LAS VEGAS — The Golden Knights took a major step toward winning the West on Thursday night, beating a major challenger in convincing fashion.

Scoring four times on their first six shots, the Knights dropped the Los Angeles Kings 5-2 before an announced crowed of 18,404 at T-Mobile Arena and moved six points ahead of the Kings in the race for the championship of the Western Conference.

The Knights, who lead the Pacific Division, have 106 points, three points better than the second-place Edmonton Oilers. Each team — Knights, Kings and Oilers — has three regular-season games left.

“I thought we were on our toes and we were ready to play,” Knights coach Bruce Cassidy said. “I thought our forecheck was outstanding. We weren’t giving up odd-man rushes or numbers coming at us because of that. Our guys were real dedicated to that game plan tonight.”

Knights wing Jonathan Marchessault shoots before Kings center Anze Kopitar can get his stick in the path of the shot in the second period. (AP Photo/Lucas Peltier)

The Kings appeared to strike first, but a goal by Quinton Byfield 2:33 into the game was challenged by Cassidy. After a video review by officials, Byfield’s goal was nullified because the play was ruled offside.

Then it was all Knights.

Phil Kessel, Ivan Barbashev, Chandler Stephenson and Nicolas Roy scored in the next nine minutes for an insurmountable lead.

The line of Stephenson-Kessel-Barbashev was a major pain for the Kings. Stephenson set up the first two goals, by Kessel and Barbashev. Barbashev also had an assist on the opening goal.

Stephenson liked the energy of his linemates and praised their abilities. “Phil’s still got it,” Stephenson said. “He still makes plays. He’s quick, makes plays holds onto it and lets you get open. And Barby, he’s been a great addition. He can finish, and he makes plays.”

Roy finished the onslaught on the power play at 11:29, with Jack Eichel and Alex Pietrangelo drawing assists.

Jonathan Marchessault scored unassisted at the start of the second period for the Knights’ fifth straight goal. Anze Kopitar and Vladislav Gavrikov scored for the Kings, also in the second period.

Roy thought the nullified goal was a huge lift. Kessel scored just 21 seconds after the goal was waved off.

“It’s a two-goal difference there,” Roy said. “But we came out strong tonight. We were ready to play, I think, from the first minute.”

Laurent Brossoit, competing to be the starter in the playoffs, made 30 saves and remained unbeaten in regulation this season (5-0-3).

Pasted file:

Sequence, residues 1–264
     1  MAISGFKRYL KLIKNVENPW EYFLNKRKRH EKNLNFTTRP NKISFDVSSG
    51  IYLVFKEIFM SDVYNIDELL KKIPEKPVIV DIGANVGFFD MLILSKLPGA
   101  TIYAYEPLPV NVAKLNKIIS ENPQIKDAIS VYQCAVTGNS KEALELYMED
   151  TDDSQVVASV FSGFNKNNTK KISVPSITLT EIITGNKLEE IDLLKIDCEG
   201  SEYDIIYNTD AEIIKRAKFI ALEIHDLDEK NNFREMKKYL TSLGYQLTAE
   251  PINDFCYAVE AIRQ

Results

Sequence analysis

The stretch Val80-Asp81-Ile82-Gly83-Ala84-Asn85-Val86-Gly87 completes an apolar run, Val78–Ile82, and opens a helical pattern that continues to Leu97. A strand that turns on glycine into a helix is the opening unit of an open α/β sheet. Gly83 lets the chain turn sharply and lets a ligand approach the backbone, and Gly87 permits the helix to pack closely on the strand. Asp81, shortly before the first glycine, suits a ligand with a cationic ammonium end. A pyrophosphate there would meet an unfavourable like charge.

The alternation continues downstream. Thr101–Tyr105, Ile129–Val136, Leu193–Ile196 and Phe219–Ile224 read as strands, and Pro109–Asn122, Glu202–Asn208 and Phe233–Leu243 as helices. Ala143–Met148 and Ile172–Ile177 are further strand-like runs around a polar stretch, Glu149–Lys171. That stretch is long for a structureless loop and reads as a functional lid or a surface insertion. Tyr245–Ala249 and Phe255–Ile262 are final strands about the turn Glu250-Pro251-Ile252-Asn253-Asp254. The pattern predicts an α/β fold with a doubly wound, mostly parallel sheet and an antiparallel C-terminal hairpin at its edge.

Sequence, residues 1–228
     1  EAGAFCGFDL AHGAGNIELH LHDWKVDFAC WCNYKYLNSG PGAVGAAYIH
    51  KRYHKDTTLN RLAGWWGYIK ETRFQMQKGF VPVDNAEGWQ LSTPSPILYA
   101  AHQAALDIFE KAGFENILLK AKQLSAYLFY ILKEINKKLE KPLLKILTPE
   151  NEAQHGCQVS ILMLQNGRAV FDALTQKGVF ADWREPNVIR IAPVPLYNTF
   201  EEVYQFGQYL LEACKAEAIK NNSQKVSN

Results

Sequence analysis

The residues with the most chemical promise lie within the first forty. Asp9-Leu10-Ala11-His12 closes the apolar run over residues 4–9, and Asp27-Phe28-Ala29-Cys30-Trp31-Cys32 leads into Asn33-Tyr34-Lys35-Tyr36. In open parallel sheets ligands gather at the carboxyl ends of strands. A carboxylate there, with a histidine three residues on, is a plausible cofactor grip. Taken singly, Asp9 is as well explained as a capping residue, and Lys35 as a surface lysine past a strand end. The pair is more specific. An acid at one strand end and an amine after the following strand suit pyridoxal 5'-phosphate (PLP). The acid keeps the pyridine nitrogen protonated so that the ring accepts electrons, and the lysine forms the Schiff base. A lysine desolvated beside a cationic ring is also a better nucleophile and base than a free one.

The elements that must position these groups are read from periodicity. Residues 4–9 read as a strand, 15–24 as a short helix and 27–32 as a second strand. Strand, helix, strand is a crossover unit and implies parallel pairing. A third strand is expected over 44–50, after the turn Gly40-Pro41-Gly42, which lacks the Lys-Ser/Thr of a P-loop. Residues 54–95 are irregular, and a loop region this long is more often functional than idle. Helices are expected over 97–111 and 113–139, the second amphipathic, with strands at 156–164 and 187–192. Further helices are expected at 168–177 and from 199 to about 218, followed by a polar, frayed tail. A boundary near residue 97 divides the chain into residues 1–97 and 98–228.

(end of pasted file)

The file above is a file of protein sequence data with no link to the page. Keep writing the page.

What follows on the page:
The Knights, 11-2-2 in their past 15 games, also lead the top two teams in the Central Division, the other half of the West, by six points. Colorado and Dallas share the Central lead, each with 100 points.

The West champ gets home-ice in the playoff through the conference final.

The loss disappointed Kings coach Todd McLellan. “We weren’t ready to play,” he said. “I think that was pretty evident. Tonight was a team loss. There were very few players that were engaged early. You can’t play like that this time of the year. We haven’t had one of those periods in a long, long time.

“That won’t be good enough for the rest of the season and the playoffs.”

Marchessault’s goal 1:02 into the second period chased Kings goalie Joonas Korpisalo (10 saves of 15 shots), who was replaced by Pheonix Copley. Copley stopped 22 shots.

Emotions boiled over midway through the first period, after Kings center Zack MacEwen was called for boarding Ben Hutton. Knights defenseman Nic Hague responded by dropping his gloves and square off against MacEwen.

MacEwen got five-minute majors for boarding and fighting, and Hague was given a 10-minute misconduct, a five-minute major for fighting and a two-minute minor for instigating.

“It’s a vulnerable position,” Hague said. “I didn’t like that. I thought it was from behind.”

Cassidy applauded Hague’s reaction and called it “a dangerous, dangerous hit” by MacEwen.

MacEwen was not made available for comment.

The Knights can take another step toward the conference title on Saturday when they visit Dallas Stars in a nationally televised matinee (12:30 p.m.. ABC).